What followed was a series of kidney transplants, including one from a cadaver and one from his brother. He is due for a fourth transplant soon.

In the meantime, Don Burl lived his life. He went to work. He got married. He and his wife have two children. Their daughter, Paige, is 17. Their son, Zack, just turned 21.

A decade ago, he found a job he loved at Zeiss. It’s a challenging position. And he’s good at it. What he didn’t know is that the parts he was ordering for those impossibly complex microscopes could one day help cure a disease that he mostly keeps to himself.

“You’re not outspoken about it,’’ Notte, the scientist, said to him as we sat in a first-floor conference room here last week. “You don’t make a big deal about it. You just do your job like everyone else does. I knew you had hearing aids because when I come to your office, you say: Get my attention first before you start talking, John.’’

Craig F. Walker/Globe Staff

Don Burl and John Notte posted bulletin-board notes that led them to a key revelation.

Burl is a reserved guy. But the news of what is happening at his workplace was too exciting not to share. He spread word to members of the team who will walk with him later this month to raise funds for the National Kidney Foundation. “They all thought it was unbelievable,’’ he said.

“It’s a proud moment,’’ he told me. “You’re working on something that someday in the future could eliminate the disease that I have. It’s something I’m very proud of.’’

Burl’s 23-year-old nephew, Christopher, who also has the disease, had his first transplant in February.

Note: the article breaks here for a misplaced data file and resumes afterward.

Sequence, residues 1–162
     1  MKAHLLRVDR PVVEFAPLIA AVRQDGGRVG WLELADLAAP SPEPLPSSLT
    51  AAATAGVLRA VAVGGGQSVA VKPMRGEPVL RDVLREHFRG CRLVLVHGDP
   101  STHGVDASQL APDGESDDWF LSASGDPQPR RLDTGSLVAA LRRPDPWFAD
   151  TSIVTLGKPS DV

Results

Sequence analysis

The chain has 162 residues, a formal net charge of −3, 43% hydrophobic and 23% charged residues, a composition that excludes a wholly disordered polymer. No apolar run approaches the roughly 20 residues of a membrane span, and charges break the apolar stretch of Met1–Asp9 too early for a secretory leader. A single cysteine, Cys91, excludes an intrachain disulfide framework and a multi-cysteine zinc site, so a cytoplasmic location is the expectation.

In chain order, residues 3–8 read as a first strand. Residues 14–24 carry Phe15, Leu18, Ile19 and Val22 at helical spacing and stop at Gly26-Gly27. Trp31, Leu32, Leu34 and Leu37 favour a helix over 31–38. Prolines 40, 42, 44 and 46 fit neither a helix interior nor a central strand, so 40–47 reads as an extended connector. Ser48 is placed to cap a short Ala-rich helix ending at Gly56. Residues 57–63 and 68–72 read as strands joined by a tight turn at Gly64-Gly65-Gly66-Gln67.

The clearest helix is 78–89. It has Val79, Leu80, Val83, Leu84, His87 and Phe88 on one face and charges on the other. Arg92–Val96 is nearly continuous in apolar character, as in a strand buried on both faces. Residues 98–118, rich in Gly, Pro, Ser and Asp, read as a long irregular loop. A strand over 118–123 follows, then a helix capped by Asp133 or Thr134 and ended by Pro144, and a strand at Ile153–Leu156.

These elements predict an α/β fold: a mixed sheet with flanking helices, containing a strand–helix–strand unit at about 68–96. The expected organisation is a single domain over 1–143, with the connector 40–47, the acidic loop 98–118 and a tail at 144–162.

“My brother is truly a hero in my eyes,’’ said Caryn Cassidy, Burl’s older sister and the mother of Christopher. “He focuses on the positives in his life. He still goes to work every day and raises his family and I just think that’s amazing. It’s amazing that he’s working for a company that’s making strides to fight this, because it’s a forgotten disease. It’s so rare.’’

Notte said the powerful microscope developed at Zeiss may well help scientists unlock the hidden mechanisms of several kidney diseases.

That microscope is capable of generating images in nanometer-length scale. How small is that? If all the words in this article were as small as a nanometer, they all would fit more than comfortably into the period that ends this sentence.

The scientist recalled the words of an early founder of a company that was later acquired by Zeiss, a now-retired man named Billy Ward who encouraged his scientists to seize their role in an extraordinary endeavor.

“He told us that someday someone’s going to do something with this microscope and it’s going to save some lives,’’ Notte said. “It’s going to mean some disease gets cured a little earlier. Someone’s going to cure some kind of cancer. And that was always his wish or his motivation for the rest of the company. He said, ‘What you’re doing is important. You may not understand that now.’

“It may have been just a motivational speech at the time. But it worked. And now, it turns out to be true.’’

It’s the kind of news that would electrify any scientist, especially those at work on those gangly stainless-steel million-dollar microscopes that could help save the life of the guy in the cubicle next door.


Thomas Farragher is a Globe columnist He can be reached at thomas.farragher@globe.com
Follow him on Twitter @FarragherTom.